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Dolphins, Whales and Porpoises: 2002-2010 Conservation - IUCN

Dolphins, Whales and Porpoises: 2002-2010 Conservation - IUCN

Southern bottlenose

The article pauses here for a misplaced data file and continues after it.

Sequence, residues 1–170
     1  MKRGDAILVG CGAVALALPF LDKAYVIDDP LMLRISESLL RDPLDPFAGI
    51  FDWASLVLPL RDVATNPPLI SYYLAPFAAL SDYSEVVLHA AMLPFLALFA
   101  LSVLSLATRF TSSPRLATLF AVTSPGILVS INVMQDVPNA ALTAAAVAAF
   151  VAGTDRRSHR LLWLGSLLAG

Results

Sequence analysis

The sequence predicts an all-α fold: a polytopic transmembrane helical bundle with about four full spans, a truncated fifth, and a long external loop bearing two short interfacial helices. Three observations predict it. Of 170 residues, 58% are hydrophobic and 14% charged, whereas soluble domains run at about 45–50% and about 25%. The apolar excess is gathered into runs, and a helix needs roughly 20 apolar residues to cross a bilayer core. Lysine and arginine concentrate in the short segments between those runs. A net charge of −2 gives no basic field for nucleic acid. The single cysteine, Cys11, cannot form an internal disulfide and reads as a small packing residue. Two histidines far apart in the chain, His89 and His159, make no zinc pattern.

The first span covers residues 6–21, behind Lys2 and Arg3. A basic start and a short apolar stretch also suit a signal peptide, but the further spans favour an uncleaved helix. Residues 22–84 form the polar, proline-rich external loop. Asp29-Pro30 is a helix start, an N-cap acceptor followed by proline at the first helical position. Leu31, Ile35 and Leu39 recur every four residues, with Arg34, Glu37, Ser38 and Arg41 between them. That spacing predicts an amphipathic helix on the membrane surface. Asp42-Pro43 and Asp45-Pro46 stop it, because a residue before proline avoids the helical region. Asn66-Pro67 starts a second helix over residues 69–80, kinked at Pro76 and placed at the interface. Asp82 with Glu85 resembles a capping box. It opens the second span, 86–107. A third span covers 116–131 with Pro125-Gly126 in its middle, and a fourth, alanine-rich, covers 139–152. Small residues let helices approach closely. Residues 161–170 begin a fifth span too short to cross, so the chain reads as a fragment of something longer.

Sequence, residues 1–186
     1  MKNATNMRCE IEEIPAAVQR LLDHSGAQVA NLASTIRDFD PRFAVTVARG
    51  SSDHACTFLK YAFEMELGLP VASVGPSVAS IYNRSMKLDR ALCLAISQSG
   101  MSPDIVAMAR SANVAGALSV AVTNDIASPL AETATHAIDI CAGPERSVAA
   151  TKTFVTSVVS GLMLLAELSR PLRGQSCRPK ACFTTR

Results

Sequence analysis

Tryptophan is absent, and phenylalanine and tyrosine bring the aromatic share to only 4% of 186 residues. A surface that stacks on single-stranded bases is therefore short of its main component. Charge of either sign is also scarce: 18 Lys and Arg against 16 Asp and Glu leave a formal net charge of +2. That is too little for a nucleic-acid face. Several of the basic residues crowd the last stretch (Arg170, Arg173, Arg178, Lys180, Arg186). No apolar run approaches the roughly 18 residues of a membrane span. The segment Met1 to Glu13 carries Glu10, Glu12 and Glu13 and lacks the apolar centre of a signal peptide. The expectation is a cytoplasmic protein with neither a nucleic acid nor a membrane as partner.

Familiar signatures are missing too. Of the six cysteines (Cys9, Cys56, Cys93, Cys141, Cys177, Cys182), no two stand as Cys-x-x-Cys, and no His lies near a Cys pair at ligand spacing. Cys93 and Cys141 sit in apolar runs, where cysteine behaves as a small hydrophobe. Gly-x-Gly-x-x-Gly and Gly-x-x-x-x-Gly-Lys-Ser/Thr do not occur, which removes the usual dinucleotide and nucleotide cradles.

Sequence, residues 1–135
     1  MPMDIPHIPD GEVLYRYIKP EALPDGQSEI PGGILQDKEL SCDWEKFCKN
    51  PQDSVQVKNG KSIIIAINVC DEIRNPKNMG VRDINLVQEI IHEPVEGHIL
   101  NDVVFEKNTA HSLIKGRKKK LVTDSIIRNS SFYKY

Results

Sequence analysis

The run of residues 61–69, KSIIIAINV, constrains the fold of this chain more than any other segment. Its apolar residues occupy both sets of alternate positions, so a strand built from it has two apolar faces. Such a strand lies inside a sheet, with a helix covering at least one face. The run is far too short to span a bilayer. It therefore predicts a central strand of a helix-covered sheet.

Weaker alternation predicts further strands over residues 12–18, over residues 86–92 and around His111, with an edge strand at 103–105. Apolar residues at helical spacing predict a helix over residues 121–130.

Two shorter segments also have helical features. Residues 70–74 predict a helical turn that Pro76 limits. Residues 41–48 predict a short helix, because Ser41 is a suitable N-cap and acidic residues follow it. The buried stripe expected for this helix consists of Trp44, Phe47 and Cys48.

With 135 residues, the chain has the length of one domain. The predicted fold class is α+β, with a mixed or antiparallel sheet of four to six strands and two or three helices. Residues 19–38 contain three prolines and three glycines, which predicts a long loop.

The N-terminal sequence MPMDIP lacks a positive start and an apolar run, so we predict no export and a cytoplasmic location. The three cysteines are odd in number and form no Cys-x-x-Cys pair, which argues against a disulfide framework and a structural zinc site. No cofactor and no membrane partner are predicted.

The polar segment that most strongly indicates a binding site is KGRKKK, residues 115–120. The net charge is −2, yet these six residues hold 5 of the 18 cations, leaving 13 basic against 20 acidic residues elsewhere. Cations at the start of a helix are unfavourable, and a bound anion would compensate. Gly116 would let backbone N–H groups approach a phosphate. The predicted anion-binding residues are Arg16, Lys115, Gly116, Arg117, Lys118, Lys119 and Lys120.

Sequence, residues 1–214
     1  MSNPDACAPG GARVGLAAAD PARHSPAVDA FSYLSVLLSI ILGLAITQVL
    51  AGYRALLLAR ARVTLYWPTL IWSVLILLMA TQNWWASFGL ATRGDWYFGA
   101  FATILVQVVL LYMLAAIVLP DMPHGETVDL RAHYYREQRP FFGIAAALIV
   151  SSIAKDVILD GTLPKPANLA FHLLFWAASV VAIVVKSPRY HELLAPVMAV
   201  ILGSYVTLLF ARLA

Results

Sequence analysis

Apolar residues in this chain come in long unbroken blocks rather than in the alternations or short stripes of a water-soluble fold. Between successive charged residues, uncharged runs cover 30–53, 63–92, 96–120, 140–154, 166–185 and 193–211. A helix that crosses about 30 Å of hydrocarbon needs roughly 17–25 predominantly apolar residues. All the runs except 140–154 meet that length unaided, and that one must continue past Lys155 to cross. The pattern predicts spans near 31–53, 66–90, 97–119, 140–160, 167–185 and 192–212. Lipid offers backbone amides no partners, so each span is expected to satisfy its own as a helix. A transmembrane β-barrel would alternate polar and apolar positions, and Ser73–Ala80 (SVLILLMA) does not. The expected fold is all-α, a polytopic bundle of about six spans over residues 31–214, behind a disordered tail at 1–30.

Southern bottlenose whale, Hyperoodon planifrons Southern bottlenose whales have an extensive distribution throughout the Southern Ocean from Antarctica north to about 30°S. They have never been exploited on a significant scale (42 taken in the Antarctic from 1970 to 1982; Kasamatsu et al. 1988) and are considered abundant. There are estimated to be about half a million in the Antarctic during the summer (Kasamatsu et al. 1995). Longman’s beaked whale, Indopacetus pacificus (= Mesoplodon pacificus) For many years, the existence of this whale was known only from two skulls found on beaches in the South Pacific (Queensland, Australia) and western Indian Ocean (Somalia). However, a type of “bottlenose whale” seen and photographed repeatedly in tropical waters of the Pacific and Indian oceans appears to be this species (Pitman et al. 1999; Pitman 2002a), suggesting that it is fairly widespread and more abundant than previously supposed. There is no evidence that the species is threatened by human activities. Mesoplodonts – Beaked whales of the genus Mesoplodon This diverse genus includes at least 13 species worldwide (Mead 1989; IWC 1989; Pitman 2002b). Mesoplodonts are generally deep-water animals; they occur from cold temperate and sub-polar latitudes to the tropics. New species were described in 1991 (pygmy beaked whale; Reyes et al. 1991), 1996 (Bahamonde’s beaked whale – Reyes et al. 1996; renamed spade-toothed whale in 2002 – van Helden et al. 2002), and 2002 (Perrin’s beaked whale; Dalebout et al. 2002b). Additional species may exist that have yet to be described (e.g., Pitman et al. 1987; Pitman 2002b). Mesoplodonts have been taken occasionally by whalers but are not presently the main targets of any hunt. Entanglement in fishing gear, especially gillnets in deep water (e.g., for billfish and tuna), is probably the most significant threat. In addition, there is evidence that mesoplodonts are susceptible to acoustic trauma caused, for example, by military activities (Rowles et al. 2000; Anon. 2001). Shepherd’s beaked whale, Tasmacetus shepherdi This whale has been documented only from strandings in southern Africa, southern South America, New Zealand, South Australia, and offshore islands in the South Atlantic and South Pacific. These records, together with a few probable sightings, suggest a circumglobal distribution in cold temperate waters of the Southern Ocean. The species’ conservation status is completely unknown. Cuvier’s beaked whale, Ziphius cavirostris This cosmopolitan species is probably the most widely distributed beaked whale (Heyning 1989). It is the most frequently sighted medium-sized cetacean in the eastern tropical Pacific, and the number of strandings of this species in the Northern Hemisphere is approximately the same as that of all other ziphiid species combined (IWC 1989). Cuvier’s beaked whales are occasionally killed by artisanal whalers in the tropics, but they are not the subjects of a regular hunt anywhere. They die accidentally in fishing gear in many areas (e.g., Sri Lanka, the Mediterranean Sea, Taiwan, and the west coast of North America), and the scale of bycatch is probably large enough to merit conservation concern in a number of these areas. Also of concern is the fact that there have been several mass strandings of Cuvier’s beaked whales coincident with military exercises involving the use of very loud, low-frequency sonar (Frantzis 1998; Rowles et al. 2000). They appear to be exceptionally vulnerable to acoustic trauma. 54